The Irish Wolfhound is a fairly easy-care and undemanding dog. The long coat should be brushed thoroughly about once or twice a week. As with other dogs, you should regularly check their eyes, ears and teeth. You can gently wipe the eyes and ears with a soft cloth if they are dirty.
Heat builds up in the drooping ears of wolfhounds, which are usually slightly angled back.

This creates more sebum and dirt is deposited in the auricles and in the entrance area of ​​the auditory canal. To avoid ear infections, you should therefore regularly make sure that your ears are clean. However, you must not penetrate too deeply into the ear, otherwise you risk injuring the ear and the eardrum.
After a walk, especially if you have walked through tall grass or across fields, you should check the fur thoroughly for ticks. The long coat of the wolfhound offers many hiding places for the unwelcome parasites.

Large dog breeds, such as the Irish Wolfhound, should avoid climbing stairs whenever possible. It is best if he lives on the ground floor or if there is an elevator. Otherwise, you’ll have to carry him up the stairs, but that can be a problem with an adult wolfhound. Climbing stairs is problematic because it puts a strain on the joints and can promote conditions such as hip dysplasia and osteoarthritis.
Rest periods should be a priority for an Irish Wolfhound.

Young dogs in particular are sometimes very cocky and overestimate their strength. Since the bones and joints are not yet so stable, the young dog must be protected from overload.
The wolfhound has a very calm and almost stoic nature. As a result, owners often notice late that something is wrong. Because the dogs usually endure any pain without showing anything.

They keep going until it’s almost too late. This is why it is so important for Irish Wolfhound owners to keep a close eye on their dogs. Any change in weight, behavior, or movement patterns could be an indication that something is wrong.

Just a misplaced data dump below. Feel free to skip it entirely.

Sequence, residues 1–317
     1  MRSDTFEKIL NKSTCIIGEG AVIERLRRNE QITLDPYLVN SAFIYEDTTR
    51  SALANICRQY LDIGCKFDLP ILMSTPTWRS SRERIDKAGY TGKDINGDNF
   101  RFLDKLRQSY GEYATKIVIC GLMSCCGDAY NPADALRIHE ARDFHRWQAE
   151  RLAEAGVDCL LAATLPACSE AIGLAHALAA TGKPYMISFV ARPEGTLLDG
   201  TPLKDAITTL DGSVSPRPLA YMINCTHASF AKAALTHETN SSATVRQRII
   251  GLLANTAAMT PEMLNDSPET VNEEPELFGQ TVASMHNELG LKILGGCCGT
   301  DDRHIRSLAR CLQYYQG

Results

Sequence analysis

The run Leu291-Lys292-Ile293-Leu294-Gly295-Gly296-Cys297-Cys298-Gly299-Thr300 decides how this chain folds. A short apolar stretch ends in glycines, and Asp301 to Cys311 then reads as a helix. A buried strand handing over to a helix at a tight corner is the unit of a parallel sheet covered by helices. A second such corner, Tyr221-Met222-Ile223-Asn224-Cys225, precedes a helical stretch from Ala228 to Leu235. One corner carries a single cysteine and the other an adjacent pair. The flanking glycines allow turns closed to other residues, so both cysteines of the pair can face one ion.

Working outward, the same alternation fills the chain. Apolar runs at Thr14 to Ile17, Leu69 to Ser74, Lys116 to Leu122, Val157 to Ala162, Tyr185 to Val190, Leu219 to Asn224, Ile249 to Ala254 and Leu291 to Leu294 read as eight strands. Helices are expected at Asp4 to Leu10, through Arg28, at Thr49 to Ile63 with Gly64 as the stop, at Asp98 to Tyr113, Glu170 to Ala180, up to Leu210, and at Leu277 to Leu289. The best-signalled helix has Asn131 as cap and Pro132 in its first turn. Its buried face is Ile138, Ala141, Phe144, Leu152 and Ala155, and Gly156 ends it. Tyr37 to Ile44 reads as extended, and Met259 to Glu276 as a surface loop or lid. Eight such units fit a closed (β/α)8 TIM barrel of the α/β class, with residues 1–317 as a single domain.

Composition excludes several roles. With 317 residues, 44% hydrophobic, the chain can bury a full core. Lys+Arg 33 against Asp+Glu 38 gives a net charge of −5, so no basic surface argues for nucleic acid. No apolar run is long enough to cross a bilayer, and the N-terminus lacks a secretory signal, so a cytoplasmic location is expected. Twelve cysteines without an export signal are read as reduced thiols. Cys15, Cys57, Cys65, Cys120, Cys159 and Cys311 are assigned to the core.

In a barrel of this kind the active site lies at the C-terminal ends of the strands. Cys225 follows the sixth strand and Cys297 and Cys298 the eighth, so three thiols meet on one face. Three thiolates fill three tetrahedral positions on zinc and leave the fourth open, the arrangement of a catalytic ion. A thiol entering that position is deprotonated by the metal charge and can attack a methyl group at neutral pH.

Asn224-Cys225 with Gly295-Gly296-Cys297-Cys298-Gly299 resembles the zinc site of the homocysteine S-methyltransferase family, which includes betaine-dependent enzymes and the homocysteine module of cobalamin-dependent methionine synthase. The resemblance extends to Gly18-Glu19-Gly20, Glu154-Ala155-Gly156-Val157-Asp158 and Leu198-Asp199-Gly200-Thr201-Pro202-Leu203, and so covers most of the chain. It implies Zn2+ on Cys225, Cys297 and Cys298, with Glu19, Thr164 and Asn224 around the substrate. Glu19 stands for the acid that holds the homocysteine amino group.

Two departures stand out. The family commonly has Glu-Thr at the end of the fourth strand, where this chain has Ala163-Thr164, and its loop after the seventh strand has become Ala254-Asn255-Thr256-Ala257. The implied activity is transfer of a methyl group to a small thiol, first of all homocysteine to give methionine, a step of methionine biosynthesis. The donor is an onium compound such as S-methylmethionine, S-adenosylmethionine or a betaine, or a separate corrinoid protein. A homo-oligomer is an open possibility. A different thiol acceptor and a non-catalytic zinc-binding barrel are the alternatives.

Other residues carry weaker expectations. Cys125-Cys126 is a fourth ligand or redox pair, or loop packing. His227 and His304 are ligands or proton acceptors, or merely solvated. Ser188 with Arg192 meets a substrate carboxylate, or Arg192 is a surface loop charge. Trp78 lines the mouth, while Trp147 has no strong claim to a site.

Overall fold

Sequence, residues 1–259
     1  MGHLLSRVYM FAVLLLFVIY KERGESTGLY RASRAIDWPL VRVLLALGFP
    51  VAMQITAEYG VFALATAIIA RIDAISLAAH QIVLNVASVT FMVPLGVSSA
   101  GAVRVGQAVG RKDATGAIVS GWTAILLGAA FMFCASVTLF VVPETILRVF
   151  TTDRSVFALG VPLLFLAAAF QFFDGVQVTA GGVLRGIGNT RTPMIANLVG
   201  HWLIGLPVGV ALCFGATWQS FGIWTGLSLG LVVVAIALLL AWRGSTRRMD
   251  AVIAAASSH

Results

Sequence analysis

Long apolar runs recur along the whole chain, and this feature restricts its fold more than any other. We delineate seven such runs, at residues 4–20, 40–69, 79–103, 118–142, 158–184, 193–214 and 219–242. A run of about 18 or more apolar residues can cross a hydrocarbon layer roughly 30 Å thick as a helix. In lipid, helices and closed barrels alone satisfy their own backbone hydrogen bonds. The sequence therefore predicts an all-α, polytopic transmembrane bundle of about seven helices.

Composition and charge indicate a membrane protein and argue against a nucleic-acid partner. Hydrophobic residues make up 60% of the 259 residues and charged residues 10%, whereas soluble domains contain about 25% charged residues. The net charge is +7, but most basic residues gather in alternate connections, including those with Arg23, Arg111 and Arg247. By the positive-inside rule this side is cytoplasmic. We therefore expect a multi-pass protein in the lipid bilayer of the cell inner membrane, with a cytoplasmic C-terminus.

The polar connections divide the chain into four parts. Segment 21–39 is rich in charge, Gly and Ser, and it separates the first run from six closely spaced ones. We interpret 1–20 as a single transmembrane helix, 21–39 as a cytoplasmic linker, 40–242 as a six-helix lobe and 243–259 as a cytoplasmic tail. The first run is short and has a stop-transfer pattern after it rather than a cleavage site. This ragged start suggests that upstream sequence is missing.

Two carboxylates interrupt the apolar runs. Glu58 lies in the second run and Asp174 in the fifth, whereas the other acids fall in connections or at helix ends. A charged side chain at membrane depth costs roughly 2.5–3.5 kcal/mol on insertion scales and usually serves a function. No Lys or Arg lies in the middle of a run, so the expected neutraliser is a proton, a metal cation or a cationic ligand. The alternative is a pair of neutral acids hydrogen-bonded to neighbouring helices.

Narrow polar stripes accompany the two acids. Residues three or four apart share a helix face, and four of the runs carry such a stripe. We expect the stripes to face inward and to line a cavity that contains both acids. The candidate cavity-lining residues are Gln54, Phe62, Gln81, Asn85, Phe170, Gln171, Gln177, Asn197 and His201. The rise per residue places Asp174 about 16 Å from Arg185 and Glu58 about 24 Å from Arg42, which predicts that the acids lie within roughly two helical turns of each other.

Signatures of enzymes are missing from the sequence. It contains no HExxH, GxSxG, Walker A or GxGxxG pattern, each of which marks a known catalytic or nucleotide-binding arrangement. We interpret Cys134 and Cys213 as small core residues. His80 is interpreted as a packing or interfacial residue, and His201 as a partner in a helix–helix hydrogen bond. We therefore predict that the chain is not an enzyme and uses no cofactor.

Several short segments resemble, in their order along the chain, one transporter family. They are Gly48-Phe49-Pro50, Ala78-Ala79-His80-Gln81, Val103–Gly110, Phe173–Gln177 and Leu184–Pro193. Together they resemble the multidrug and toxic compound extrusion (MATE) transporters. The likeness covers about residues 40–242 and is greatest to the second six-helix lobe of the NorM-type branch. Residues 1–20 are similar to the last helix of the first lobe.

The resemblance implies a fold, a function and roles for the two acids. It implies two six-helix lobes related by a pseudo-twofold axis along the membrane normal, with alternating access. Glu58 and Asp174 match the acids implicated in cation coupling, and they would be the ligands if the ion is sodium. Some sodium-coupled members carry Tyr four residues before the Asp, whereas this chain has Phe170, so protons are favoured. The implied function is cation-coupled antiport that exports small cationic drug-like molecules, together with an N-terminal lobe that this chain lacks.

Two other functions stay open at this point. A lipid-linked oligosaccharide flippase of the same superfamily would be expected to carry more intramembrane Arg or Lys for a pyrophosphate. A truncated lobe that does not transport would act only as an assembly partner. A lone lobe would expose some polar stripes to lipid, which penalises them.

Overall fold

History

The Irish Wolfhound is a very old breed of dog. Little is known about its exact origins. History suggests the breed could have existed for over 7000 years. Even in ancient Egypt, people are said to have kept very large greyhound-like dogs.
These are believed to have been brought to Ireland by the Celts around 3000 BC.

Archaeologists have found the remains of very large greyhounds during excavations in the region around England, Wales and Ireland. They could have been Irish wolfhounds or at least one of his ancestors. The bone finds indicate that the animals had a shoulder height of 71 cm or more.
In ancient and medieval times, only nobles were allowed to own the Irish Wolfhound. He was a real status symbol.

But because of their size, strength and pronounced courage, the dogs were more than that for their owners. The Irish Wolfhound was often described as a loyal soldier or brave warrior. In many sagas and legends, the special character of the Irish wolfhound is particularly emphasized.
The Irish Wolfhound was an excellent hunting dog and very popular at the time. It was used to hunt big game, such as bears, wolves and mooses.

However, when firearms were invented, the Irish Wolfhound became less important as a hunting dog.
The breed became less and less kept as it no longer served a purpose. The Irish wolfhound was in danger of becoming extinct. Around the middle of the 17th century, it was forbidden by law to take the Irish wolfhound out of Ireland, as there were hardly any dogs of this breed left.
The breed finally began to be revived in Ireland in the mid-19th century.

For this purpose, the last Wolfhounds were crossed with other breeds such as Deerhound, Great Dane and Borzoi. The result of these breeding attempts is the Irish Wolfhound as it is officially recognized today. Compared to the original wolfhound, today’s is a bit more powerful and larger.

Irish wolfhound Accessories

To groom the wolfhound’s long, wiry coat, it’s a good idea to use a brush designed for long-haired dogs. Detangling combs are also well suited, as they remove the small knots from the fur. A matted coat prevents the skin from breathing and is a breeding ground for germs and parasites.
Because of its size, a raised feeding bowl can be a worthwhile purchase. If the food bowl is on the ground, the large dogs have to bend down very far to get their food.

A height-adjustable bowl is ideal for those who adopt their wolfhound as a puppy. You can adjust it as you like to the size of your growing wolfhound.
Wolfhounds are not overly playful and, being sighthounds, are not overly food-centric. Nevertheless, they are also happy about a ball that they can chase after or a snack as a reward. A dog ball machine would be a great idea for you with a yard.

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Breed characteristics